I don’t know dude…

A couple of weeks ago, in the comments section of this thread, friend of the blog and skilled builder Christopher Hoffman had this to say:

And if I may make a recommendation, this dude does some unique stuff and only has 2(!) followers on Flickr so far.

Now, I’m always up for a suggestion, especially from a valued reader who contributes regularly in the comments, so I took the link with high hopes.  I was not prepared for what I found on Geng Lee’s Flickrstream, and even though I’ve had a few days to chew on the bone, I still can’t decide if the models are great or bullshit.  I think of the guy as “Murmurdog” because the builder uses the signature to irritating effect on all of his photos.  The name is kind of creepy and interesting but I hate when people put their stupid logos and signature lines on their models.  It seems incredibly pretentious to me, all the more so because the medium of choice is a childrens toy and more often than not the people who use such icons don’t produce compelling models.

On the upside, Murmurdog has his own distinct style, even within a relatively small sample size of creations.  His models and general style of building don’t really remind me of any other builder and that is kind of rare these days.  My favorite of his efforts to date is the Donald Duck image you see below, it’s a wonderful perversion of the classic Disney character with a hidden stomach cavity that contains the brushed gold device you see him brandishing.  I’m probably a little more inclined to like this one because I have a strong aversion to all things Disney and the cult of people who worship at the mercantile temple of the mechano-rat god.  But no matter how much I can appreciate demented Donald, he’s terribly low-resolution and kind of crappy when you get down to the nuts and bolts.  After spending way too much time considering the issue, I was left asking the question: is weird and artsy enough to be considered ‘good’? Or is this some sloppy action masquerading as something more.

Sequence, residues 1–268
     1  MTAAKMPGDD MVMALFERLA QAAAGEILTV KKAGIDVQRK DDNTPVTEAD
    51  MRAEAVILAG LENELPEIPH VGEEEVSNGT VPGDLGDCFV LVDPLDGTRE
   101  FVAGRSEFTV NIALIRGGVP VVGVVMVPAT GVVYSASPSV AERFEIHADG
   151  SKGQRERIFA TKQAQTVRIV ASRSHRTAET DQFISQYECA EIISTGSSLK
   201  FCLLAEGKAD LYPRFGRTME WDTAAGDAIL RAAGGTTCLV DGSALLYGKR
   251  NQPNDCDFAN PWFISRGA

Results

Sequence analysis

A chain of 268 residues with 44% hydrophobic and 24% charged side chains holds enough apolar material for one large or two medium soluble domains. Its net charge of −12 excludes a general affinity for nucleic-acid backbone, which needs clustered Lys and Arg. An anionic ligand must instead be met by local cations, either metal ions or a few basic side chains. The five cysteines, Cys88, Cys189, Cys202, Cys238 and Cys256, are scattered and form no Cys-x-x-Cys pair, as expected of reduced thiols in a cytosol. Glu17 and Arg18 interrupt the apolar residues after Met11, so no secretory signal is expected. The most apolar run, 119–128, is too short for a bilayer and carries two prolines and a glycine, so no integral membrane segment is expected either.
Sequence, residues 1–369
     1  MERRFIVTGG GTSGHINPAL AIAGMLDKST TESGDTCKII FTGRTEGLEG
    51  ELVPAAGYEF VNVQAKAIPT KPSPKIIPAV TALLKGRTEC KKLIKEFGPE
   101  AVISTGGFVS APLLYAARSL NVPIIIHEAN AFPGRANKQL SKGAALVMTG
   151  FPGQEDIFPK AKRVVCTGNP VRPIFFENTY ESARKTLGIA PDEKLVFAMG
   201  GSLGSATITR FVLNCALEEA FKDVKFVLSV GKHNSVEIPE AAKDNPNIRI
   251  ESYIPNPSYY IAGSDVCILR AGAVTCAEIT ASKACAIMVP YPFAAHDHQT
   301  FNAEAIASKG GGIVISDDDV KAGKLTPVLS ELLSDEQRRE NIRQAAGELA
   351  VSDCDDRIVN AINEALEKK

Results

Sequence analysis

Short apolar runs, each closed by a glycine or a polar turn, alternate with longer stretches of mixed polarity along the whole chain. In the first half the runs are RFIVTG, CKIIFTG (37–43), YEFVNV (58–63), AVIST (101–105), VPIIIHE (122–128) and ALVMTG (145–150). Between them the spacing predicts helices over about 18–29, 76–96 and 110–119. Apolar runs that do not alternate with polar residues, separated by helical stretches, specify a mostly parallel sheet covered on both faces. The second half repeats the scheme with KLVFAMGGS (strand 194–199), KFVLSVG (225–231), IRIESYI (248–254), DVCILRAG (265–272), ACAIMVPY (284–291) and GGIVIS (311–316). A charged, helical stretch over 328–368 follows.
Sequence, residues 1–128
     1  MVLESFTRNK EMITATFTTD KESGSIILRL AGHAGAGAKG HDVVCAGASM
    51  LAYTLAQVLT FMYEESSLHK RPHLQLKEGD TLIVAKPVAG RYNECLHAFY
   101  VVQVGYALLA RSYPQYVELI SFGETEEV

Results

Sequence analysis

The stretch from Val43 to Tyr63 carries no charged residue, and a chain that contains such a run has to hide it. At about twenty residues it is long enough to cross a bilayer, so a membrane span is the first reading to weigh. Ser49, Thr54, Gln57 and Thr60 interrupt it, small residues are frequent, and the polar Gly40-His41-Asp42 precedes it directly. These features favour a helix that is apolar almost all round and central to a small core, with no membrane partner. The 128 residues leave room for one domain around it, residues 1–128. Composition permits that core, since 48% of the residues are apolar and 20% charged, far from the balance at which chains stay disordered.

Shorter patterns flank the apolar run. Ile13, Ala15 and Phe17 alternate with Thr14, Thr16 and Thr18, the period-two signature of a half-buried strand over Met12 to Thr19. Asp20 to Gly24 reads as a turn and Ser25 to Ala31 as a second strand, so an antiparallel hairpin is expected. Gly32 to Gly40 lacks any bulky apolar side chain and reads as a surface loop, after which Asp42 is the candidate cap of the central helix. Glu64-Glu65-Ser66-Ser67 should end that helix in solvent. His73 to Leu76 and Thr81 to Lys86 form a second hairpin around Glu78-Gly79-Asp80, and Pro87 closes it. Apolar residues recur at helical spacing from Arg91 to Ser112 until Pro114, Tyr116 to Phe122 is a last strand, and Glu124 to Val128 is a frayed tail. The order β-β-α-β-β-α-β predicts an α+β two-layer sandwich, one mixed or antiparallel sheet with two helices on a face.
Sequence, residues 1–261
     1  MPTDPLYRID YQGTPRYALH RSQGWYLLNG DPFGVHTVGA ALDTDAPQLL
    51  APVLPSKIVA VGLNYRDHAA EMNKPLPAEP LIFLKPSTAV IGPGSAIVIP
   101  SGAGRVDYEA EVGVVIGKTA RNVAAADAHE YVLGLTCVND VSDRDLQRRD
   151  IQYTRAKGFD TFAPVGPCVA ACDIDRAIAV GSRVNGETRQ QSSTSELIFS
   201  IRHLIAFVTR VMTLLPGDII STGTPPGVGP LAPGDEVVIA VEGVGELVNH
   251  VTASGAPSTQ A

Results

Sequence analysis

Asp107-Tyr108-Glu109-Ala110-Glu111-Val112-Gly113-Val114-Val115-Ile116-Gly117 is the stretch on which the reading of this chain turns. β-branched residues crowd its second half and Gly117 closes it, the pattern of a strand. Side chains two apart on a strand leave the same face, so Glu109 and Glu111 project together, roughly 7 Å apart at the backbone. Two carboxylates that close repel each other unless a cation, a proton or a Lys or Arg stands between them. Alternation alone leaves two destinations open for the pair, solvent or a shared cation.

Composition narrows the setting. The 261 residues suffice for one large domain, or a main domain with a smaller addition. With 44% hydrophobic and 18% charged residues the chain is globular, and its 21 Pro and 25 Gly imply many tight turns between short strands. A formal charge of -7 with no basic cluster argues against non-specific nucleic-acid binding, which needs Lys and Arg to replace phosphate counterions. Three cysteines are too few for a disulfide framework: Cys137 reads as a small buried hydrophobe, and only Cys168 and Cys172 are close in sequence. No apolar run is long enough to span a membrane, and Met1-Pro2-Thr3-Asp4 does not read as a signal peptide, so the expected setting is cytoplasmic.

On the downside it’s probably worth noting that he’s only got 18 followers (including me) and a handful of favorites.  Perhaps the most damning evidence is that the Manifesto seems to be the first and only blog to pick up his work.  BrickNerd posts just about anything Disney themed and TBB is so thirsty these days they will post anything that is remotely interesting, so if neither one has taken a flier on Mr. Lee, then I think it’s safe to say that the models don’t conform to the widely excepted standard of what makes a compelling Lego creation.  I know it’s stupid to base a decision like this on popularity slone, but people don’t seem to be all that receptive to Murmurdog’s models and that’s probably worth pointing out, if it may seem a little mean-spirited to do so.

In the end I guess Murmurdog and Christopher Hoffman win because I had enough doubt to make this post, but I’m putting the issue in front of the jury of their peers.  What say you, constant reader?  For those of you who refuse to comment because of a language barrier, Aspy-based fear or the all-encompassing death by inches of apathy, I have included a poll to make things easier and less time-consuming.

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I Hate These Things (or) rowntRee is wrong-tRee

I can’t believe it was only a month ago that I was strolling the convention floor at the BrickSlopes LEGO fan event accompanied by famous bon-vivant Matt rowntRee.  Since it was a relatively small convention, we were afforded the opportunity to evaluate just about everything the attendant AFOLs had to offer.  Not content to just smile and nod, we enjoyed a running commentary that was equal parts praise, smack and non sequiturs.  I estimate we were in violent agreement about 90% of the time when it came to constructive criticism, with only a few models that we couldn’t come to a consensus on.  There was however a single display that sparked a spirited debate and made me question the sensibilities, judgement and perhaps even sanity of our good friend rowntRee.  I don’t want to skewer the responsible builder, because that would be a jackassy thing to do (even for me) and the blame-finger shouldn’t be pointed in his direction, but rather towards a hipster German advertising agency.  In 2012 the Jung von Matt agency out of Hamburg released a minimalistic ad campaign for LEGO. The “Imagine” series features iconic cartoon characters from American pop culture represented in simplistic stacks of 2×2 brick and plate.  I have no idea who these particular stacks are supposed to represent, but you get the idea.